It was a hellish emotional roller coaster to flit in and out of hope. One moment, your arm doesn’t hurt as much, you believe full recovery is possible. The next moment, you raise your arm and a surge of pain comes through. But the pain doesn’t compare to the death of your identity as a martial artist and obstacle course racer. It was also difficult to accept that my “amulet” against melancholy and emptiness was gone.
It was during this time I descended back into the debilitating melancholic abyss that I feared – the process accelerated by other stressors. My productivity suffered and I found it hard to remain awake with those thoughts plaguing me. It was also hell to be easily triggered into thinking about the personal issues (unrelated to the injury) I was facing.
The descent to near zero revealed a number of weaknesses in my previous active lifestyle. I need to address them in my return. Thanks to a few of friends, I was kept from falling further and eventually become less melancholic.
Returning to the functional fitness life
Strengthening & rehabilitation
The residual pain in my shoulder subsided weeks after getting a steroid injection for a second time. However, I have yet to hang on my right arm on a monkey bar to test for pain. The last I tried in May, it set back my recovery.
So, instead of starting my madness immediately and risking a third injury, I’m undergoing physiotherapy. My right shoulder is hunched slightly forward and I need to strengthen the scapular muscles to bring it back into position.
I want to return to the active lifestyle & I will be starting from zero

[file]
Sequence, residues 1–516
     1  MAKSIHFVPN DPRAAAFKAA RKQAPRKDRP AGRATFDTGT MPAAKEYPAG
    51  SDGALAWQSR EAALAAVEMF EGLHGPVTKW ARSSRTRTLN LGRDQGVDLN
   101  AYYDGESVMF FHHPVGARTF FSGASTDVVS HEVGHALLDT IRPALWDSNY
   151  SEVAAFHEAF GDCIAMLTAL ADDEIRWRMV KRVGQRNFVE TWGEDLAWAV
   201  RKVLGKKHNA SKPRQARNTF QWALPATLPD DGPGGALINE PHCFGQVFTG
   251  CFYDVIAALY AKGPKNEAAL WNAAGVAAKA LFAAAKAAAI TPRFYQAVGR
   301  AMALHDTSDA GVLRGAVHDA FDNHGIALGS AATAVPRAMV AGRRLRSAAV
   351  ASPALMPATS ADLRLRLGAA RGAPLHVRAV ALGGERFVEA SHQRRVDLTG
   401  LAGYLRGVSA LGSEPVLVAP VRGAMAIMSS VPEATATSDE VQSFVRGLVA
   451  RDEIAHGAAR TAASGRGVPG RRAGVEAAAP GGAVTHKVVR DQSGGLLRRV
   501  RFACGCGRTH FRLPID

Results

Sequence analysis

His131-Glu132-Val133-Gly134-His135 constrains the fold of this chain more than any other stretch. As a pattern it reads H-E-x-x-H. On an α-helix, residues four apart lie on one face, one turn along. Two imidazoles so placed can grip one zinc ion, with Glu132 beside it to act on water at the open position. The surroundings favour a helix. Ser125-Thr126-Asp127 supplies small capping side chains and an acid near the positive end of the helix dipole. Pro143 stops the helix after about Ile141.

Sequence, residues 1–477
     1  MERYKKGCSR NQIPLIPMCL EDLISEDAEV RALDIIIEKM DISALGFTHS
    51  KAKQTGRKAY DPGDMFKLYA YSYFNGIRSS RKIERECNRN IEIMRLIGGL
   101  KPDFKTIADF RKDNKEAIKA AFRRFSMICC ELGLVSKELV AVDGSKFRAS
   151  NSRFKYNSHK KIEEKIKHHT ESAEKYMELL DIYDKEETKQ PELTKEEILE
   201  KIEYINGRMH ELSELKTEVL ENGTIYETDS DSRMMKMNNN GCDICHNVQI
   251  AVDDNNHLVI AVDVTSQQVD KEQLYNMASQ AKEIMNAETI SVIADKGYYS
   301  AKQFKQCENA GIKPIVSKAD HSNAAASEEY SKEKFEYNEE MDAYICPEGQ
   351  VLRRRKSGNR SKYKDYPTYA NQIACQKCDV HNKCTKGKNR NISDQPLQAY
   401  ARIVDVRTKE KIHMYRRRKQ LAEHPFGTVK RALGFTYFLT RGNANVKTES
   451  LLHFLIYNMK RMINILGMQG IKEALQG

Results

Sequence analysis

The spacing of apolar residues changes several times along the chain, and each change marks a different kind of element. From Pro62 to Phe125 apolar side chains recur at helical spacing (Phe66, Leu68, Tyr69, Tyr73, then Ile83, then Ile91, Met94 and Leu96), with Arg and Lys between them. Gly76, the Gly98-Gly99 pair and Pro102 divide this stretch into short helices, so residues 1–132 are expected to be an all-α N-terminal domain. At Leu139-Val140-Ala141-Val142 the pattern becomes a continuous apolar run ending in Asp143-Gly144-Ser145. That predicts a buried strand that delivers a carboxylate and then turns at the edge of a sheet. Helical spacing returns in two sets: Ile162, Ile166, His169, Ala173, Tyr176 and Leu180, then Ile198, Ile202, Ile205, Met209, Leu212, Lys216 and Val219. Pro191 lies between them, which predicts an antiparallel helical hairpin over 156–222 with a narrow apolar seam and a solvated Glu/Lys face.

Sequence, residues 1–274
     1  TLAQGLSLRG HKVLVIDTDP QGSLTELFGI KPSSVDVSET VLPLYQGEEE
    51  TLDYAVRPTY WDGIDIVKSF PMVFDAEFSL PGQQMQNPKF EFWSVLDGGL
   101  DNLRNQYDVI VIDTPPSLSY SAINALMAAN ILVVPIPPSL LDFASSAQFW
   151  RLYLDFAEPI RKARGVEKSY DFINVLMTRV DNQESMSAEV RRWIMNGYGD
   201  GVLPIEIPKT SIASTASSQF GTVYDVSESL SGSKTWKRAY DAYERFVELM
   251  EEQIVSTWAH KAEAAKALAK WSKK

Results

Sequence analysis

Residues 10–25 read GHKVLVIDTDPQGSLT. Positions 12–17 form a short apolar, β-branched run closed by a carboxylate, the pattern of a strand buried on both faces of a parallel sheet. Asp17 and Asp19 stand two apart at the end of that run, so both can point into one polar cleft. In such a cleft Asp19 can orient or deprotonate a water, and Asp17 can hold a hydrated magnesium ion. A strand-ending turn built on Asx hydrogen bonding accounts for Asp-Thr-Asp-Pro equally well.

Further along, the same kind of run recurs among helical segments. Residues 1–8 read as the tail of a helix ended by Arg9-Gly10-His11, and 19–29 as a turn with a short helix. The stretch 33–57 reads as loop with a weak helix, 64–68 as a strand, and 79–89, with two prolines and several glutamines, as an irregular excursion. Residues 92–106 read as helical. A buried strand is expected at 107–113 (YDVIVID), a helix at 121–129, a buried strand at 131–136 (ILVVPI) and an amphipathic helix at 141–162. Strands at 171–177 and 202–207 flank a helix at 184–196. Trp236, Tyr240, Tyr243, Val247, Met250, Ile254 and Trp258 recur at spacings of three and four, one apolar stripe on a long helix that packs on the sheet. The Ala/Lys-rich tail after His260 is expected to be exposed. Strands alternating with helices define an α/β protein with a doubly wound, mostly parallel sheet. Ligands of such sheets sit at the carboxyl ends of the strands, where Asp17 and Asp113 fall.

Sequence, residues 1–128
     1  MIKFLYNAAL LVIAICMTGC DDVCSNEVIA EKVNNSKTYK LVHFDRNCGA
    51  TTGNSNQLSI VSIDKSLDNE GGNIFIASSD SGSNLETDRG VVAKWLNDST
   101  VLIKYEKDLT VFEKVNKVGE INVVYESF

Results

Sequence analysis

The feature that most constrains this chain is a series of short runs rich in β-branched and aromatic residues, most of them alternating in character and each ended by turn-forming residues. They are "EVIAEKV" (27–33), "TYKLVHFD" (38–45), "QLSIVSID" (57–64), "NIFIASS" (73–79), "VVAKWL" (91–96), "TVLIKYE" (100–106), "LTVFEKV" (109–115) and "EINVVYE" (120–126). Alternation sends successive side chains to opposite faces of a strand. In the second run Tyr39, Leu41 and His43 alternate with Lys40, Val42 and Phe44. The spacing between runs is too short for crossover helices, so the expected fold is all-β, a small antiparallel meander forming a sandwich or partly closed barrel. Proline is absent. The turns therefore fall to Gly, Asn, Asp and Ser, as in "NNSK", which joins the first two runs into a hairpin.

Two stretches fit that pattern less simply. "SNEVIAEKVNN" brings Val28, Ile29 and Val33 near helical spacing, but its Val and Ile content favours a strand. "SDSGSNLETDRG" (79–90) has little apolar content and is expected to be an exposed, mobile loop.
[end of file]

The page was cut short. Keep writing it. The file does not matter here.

These are my core reasons to return…
I miss the freedom, confidence and hope that obstacle course racing and martial arts gave me. Training also helped me manage melancholy. Lastly, as the person behind Way Of Ninja, my words need to be backed by action, experience and will.
I need to push past my doubts on starting all over again.
What I have to address – if I want to avoid getting into the same mess again – are the following:
- Find an alternative method to manage stress
- Seek professional advice for certain issues I’m facing
- Listen to my specialist and physiotherapist
- Gradually increase the intensity of training once I’m ready to begin
And it’s precisely my obsession with the physical and neglect of the mental aspects of being a modern warrior that created a mess.
By the end of the year, I want these to happen:
- IPPT minimum of silver award
- Get back to Aikido training
- Be able to swing freely and traverse monkey bars without any pain or discomfort
Initiating a challenge?
Since I’ll be starting from “zero” all over again, why not challenge beginners who are seeking to live an active lifestyle?
This time, I will be participating in the challenge on equal ground with beginners or experts who have taken a break from fitness for whatever reason.
Check back for details. We’ll do this together, step-by-step.